The original Space Marine is a cult classic, and widely considered to be one of the best adaptations of the massive Warhammer 40,000 setting. Twelve years later, players will get to step back into the massive shoes of Titus, an Ultramarine in service to the Emperor and the Imperium of Man. We played through an hourlong demo of the sci-fi hack-and-slash game, and so far, Space Marine 2 delivers on both guts and glory.
Space Marine 2 picks up years after the events of the first game, during the Era Indomitus. Titus has been through a stint of unfair punishment after a bad case of assumed heresy, and he’s finally back among the boys in blue. Unfortunately, his new mission isn’t exactly a walk in the park. The voracious Tyranids, an alien race of horrific hungry bugs, are descending on the Imperium. The Imperial Guard are outgunned and outmatched, and so the Space Marines are dispatched to clean things up.
The original Space Marine’s combat was widely loved, and Space Marine 2 doesn’t reinvent the wheel. Titus is a massive, armored Marine who can’t jump, but he is able to pull off surprisingly agile ducks and dodges. Sometimes, I focus on fighting a few bigger bad guys instead of insectile swarms, perfecting the timing of dodges and parries so that I can dodge arcs of acid, dangerous spores, or bone scythes aimed at my skull. All the while, two AI squadmates fight by my side. (Space Marine 2 will also have a three-player co-op option at launch.)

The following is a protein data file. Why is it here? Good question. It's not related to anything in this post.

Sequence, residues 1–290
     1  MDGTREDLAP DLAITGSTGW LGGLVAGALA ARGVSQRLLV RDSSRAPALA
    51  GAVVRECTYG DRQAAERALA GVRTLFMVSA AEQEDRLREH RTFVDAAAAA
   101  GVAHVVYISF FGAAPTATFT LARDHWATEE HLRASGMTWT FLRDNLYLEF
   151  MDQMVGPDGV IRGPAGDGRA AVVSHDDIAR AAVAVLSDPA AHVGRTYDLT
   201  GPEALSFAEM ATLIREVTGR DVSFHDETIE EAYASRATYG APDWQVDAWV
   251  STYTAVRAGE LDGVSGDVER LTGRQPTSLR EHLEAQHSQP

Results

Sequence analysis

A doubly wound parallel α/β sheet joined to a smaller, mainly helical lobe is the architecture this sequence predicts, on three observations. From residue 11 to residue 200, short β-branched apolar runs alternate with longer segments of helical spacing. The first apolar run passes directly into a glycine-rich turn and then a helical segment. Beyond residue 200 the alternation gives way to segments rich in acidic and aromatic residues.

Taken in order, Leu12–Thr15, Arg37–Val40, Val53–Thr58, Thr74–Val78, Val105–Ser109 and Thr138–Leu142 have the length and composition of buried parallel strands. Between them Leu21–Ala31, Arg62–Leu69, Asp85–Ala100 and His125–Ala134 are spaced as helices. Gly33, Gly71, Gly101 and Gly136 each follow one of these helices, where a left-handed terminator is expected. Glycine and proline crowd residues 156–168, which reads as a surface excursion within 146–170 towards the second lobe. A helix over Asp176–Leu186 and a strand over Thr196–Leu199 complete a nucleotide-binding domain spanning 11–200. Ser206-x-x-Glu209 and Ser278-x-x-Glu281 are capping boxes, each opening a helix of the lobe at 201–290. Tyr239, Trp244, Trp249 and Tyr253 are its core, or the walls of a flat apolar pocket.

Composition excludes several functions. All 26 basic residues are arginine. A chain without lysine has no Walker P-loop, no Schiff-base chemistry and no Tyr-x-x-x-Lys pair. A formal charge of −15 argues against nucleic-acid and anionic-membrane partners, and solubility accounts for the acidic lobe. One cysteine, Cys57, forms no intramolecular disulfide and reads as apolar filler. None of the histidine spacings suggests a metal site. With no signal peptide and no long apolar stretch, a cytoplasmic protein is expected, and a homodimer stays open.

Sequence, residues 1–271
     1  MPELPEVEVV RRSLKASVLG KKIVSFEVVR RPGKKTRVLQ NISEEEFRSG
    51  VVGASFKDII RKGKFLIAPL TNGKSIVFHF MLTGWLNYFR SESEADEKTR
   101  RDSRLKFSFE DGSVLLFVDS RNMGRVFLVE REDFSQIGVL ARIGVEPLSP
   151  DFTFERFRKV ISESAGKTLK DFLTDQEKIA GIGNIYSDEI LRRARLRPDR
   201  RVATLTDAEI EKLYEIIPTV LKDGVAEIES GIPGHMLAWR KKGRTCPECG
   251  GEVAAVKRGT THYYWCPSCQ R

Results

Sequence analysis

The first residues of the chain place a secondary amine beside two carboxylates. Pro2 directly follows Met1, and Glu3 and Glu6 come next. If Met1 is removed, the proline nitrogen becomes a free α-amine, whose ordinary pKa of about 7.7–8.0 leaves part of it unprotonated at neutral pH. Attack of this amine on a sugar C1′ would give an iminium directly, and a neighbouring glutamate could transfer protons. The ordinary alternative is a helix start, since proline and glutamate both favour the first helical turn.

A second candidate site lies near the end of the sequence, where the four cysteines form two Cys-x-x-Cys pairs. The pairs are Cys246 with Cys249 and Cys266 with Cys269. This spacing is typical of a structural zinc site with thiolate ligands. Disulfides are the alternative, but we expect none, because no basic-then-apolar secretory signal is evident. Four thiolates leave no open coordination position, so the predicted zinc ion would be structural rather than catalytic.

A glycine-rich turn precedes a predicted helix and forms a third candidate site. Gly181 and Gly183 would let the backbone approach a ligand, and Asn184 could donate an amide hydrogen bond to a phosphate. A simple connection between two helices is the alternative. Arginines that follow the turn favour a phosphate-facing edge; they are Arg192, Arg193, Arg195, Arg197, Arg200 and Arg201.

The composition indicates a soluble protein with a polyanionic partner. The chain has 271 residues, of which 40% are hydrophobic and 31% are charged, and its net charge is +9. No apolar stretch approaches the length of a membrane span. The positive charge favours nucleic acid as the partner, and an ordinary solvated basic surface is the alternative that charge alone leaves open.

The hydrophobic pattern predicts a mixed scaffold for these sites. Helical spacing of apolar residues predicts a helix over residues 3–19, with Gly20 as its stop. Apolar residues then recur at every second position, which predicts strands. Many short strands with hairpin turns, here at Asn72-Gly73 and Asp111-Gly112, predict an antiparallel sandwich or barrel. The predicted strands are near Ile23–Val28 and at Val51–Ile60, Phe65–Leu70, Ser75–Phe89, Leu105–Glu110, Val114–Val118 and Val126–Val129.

After a string of heavy attacks on little guys or a perfect dodge in the face of a bigger beast, I can tap my mouse to have Titus pull out his bolter and land a heavy shot. If I play my cards right, I build up momentum that I can turn into a Righteous Fury buff, healing Titus and helping him dish out more damage. I can also get chunks of health back by executing stunned or damaged enemies in melee, ripping them apart with a sword or even my bare hands.
Titus is always armed with a bolt pistol and a combat knife, but I was able to find other weapons scattered around the swamps and structures on the world of Kadaku. These weapons feel fantastic in action; bolter weapons have a meaty kick to them, and I adore how they turn Tyranids into clouds of gore. Meltaguns are limited on ammo, but incredibly effective despite this scarcity. It’s deeply satisfying to watch a plume of gold-and-purple fire consume a horde of swarming xenos.
And boy howdy, are there plenty of aliens to kill. There were times in the demo where I would stop and stare at the awe-inspiring horde of Tyranids pouring down the hills or through a chokepoint. The creatures are incredibly deadly; even on lower difficulties, if they manage to surround Titus, he’ll go down quickly. Luckily, his squad mates are much more helpful than in the first game; they’ll even try to help him back up instead of defaulting to an instant game over.
The demo doesn’t show too much of Space Marine 2’s planets, but it does an excellent job of setting up the scope and scale of the Tyranid threat. I feel like I’ve waded through thousands of the aliens, and only come out ahead due to Titus’ sheer power and force of will. Melee can feel like a bit of a slog, but it’s punctuated by some gratuitously gory execution animations.
At one point, I watched Titus pull a floating, psychic zoanthrope out of the air, grip its faceplate in one heavy gauntlet, and rip it off in a shower of blood and tissue. Needless to say, it was so over the top that it had me hooting and hollering.
At the end of most fights, Titus’ armor is absolutely slick with gore. Encounters are intense and visceral, and I’m interested to see whether the game can maintain that momentum, or if it eventually becomes ho-hum to slice a Tyranid in half with a chainsword and then use its own bony limb to pierce its skull in the ultimate game of “Why are you hitting yourself?”
Space Marine 2 will be released sometime in winter 2023 for PlayStation 5, Windows PC, and Xbox Series X.